Uproar over an insurance industry-funded report alleging that pending healthcare legislation would drive up family premiums continued last week as some sought to discredit the findings while the industry continued to defend it.
Pricewaterhouse flap fallout
Groups criticize as AHIP defends findings
PricewaterhouseCoopers, which produced the report, issued a clarifying statement saying that the report was based only on certain aspects of the Senate Finance Committee bill. Officials for PricewaterhouseCoopers declined to discuss how the flap might have affected its business or reputation.
Policy analysts said the incident shows the importance of checking the source. “Readers should be very careful before repeating or reporting claims made by reports that were funded by people, or businesses, with a ‘dog in the hunt,’ ” said Len Nichols, director of the health policy program at the New America Foundation.
AARP also discredited the report, saying it left out money-saving provisions of the bill. AARP’s executive vice president of policy and strategy and chief lobbyist, John Rother, called it “not worth the paper it’s printed on.”
Karen Ignagni, president and CEO of America’s Health Insurance Plans, which commissioned the report, continued to defend it. “The report’s central finding has long been noncontroversial in health policy and economic circles: namely, that implementing reforms of the insurance market without a strong requirement that everyone participate will cause adverse selection and significantly increase costs for individuals and small businesses,” Ignagni wrote in a Washington Post opinion piece.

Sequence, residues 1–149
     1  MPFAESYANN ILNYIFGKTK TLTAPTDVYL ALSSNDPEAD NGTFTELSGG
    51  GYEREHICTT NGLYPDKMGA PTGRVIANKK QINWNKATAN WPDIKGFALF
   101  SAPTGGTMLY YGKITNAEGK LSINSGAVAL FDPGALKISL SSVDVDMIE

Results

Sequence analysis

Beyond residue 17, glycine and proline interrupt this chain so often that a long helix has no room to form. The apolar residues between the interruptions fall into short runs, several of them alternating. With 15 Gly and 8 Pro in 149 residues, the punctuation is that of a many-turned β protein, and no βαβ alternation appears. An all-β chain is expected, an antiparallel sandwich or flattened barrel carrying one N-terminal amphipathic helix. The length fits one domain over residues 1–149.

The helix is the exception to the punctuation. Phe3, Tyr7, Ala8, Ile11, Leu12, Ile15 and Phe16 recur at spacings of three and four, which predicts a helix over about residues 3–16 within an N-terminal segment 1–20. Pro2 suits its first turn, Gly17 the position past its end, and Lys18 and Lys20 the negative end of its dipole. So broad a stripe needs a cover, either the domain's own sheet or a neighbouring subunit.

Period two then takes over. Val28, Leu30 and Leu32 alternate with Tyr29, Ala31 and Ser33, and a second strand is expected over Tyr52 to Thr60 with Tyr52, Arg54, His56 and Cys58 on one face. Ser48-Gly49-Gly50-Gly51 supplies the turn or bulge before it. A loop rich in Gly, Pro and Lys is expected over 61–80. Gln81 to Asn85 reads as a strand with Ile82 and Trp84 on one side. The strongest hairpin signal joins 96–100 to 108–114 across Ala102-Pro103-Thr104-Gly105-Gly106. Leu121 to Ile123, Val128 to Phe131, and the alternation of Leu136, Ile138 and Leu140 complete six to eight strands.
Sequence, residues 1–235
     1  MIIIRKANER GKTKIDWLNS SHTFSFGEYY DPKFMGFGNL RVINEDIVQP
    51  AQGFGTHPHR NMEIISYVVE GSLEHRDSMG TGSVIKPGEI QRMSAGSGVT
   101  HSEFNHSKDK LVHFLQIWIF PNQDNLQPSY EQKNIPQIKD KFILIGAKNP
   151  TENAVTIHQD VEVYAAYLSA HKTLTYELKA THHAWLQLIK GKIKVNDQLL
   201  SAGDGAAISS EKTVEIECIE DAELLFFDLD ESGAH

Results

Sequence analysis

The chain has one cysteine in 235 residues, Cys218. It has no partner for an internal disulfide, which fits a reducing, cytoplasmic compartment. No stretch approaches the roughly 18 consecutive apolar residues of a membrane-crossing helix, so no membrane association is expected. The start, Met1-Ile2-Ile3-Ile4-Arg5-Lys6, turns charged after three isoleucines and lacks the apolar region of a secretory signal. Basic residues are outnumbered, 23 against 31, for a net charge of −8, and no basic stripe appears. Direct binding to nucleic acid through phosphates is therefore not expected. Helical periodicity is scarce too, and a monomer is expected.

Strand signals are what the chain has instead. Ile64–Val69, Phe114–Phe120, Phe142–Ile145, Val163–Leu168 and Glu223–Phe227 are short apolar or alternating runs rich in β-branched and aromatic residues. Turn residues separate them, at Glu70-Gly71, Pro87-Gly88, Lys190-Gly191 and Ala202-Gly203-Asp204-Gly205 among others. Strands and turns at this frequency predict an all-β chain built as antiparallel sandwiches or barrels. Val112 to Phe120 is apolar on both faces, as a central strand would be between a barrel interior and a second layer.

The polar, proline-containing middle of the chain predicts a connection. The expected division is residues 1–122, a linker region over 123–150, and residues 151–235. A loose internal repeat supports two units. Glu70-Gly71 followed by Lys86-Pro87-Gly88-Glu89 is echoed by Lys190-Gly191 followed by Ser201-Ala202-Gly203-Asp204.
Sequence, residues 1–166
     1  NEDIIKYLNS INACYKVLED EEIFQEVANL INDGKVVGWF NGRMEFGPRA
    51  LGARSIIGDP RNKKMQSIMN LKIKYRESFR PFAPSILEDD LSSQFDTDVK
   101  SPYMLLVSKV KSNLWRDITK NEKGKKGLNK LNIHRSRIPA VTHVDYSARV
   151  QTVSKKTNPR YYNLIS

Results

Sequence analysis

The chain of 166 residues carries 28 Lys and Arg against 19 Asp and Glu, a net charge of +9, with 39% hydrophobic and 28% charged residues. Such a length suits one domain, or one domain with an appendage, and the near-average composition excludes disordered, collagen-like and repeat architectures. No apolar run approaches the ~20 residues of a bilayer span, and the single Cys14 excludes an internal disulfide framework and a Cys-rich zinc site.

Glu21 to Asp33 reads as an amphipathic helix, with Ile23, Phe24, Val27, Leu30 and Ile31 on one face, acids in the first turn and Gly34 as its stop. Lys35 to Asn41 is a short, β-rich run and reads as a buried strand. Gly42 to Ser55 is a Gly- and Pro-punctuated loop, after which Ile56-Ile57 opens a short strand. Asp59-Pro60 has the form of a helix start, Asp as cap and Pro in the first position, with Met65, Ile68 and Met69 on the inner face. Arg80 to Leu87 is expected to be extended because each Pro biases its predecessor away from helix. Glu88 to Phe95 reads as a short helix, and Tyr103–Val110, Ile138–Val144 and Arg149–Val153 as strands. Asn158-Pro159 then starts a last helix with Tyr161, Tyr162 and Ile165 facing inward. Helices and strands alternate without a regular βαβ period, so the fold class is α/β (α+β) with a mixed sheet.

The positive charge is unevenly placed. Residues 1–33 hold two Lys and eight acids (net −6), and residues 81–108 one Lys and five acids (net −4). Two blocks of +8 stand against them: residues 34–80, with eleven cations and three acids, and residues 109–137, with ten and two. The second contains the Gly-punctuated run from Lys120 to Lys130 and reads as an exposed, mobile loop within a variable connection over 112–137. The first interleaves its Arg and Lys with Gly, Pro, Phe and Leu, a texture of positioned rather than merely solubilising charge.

The report, released on Oct. 11, concluded that a typical family insurance policy would cost about $20,700 more cumulatively between 2010 and 2019 under the Senate Finance Committee’s health reform proposal than under the current system. The report focused on four areas of the bill: a tax on so-called “Cadillac” health plans, rate cuts to public programs, new taxes on the health sector and insurance market reforms with modest coverage requirements, according to the report.
The analysis did not include other aspects of the bill, including coverage subsidies to lower- and middle-class Americans, a decision that Nichols called “a stunning omission.” Nichols noted that the paper was not peer-reviewed, and that “the consulting firm neither allowed neutral parties to check its methods nor did it send it out for review by neutral parties before releasing it to the press,” he said.
Carl McDonald, a managed-care analyst at Oppenheimer & Co., said in an investor note that more important than the report’s contents was its timing for release—on the eve of the Senate Finance Committee vote to pass the bill. “As much as the Democrats don’t want to admit it,” McDonald wrote, “They still haven’t settled on a real consistent message that explains to 90% of the voting public that already has health insurance what exactly is in it for them.”
Send us a letter
Have an opinion about this story? Click here to submit a Letter to the Editor, and we may publish it in print.